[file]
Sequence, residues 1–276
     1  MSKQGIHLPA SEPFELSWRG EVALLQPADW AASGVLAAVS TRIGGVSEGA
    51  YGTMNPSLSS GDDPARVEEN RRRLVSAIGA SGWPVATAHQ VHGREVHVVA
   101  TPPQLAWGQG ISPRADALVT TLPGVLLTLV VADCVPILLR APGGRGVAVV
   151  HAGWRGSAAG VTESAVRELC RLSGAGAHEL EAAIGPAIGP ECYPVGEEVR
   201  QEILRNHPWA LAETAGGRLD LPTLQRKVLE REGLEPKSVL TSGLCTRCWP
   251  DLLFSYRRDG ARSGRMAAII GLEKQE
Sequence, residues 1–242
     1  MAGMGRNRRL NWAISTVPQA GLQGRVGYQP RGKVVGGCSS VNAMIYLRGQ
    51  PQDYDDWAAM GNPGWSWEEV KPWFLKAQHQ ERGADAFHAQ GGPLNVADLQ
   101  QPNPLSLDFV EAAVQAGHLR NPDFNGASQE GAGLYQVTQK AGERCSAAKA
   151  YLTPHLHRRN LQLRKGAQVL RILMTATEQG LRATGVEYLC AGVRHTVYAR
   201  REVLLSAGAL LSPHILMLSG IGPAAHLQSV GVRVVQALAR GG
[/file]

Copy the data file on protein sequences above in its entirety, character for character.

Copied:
Sequence, residues 1–276
     1  MSKQGIHLPA SEPFELSWRG EVALLQPADW AASGVLAAVS TRIGGVSEGA
    51  YGTMNPSLSS GDDPARVEEN RRRLVSAIGA SGWPVATAHQ VHGREVHVVA
   101  TPPQLAWGQG ISPRADALVT TLPGVLLTLV VADCVPILLR APGGRGVAVV
   151  HAGWRGSAAG VTESAVRELC RLSGAGAHEL EAAIGPAIGP ECYPVGEEVR
   201  QEILRNHPWA LAETAGGRLD LPTLQRKVLE REGLEPKSVL TSGLCTRCWP
   251  DLLFSYRRDG ARSGRMAAII GLEKQE
Sequence, residues 1–242
     1  MAGMGRNRRL NWAISTVPQA GLQGRVGYQP RGKVVGGCSS VNAMIYLRGQ
    51  PQDYDDWAAM GNPGWSWEEV KPWFLKAQHQ ERGADAFHAQ GGPLNVADLQ
   101  QPNPLSLDFV EAAVQAGHLR NPDFNGASQE GAGLYQVTQK AGERCSAAKA
   151  YLTPHLHRRN LQLRKGAQVL RILMTATEQG LRATGVEYLC AGVRHTVYAR
   201  REVLLSAGAL LSPHILMLSG IGPAAHLQSV GVRVVQALAR GG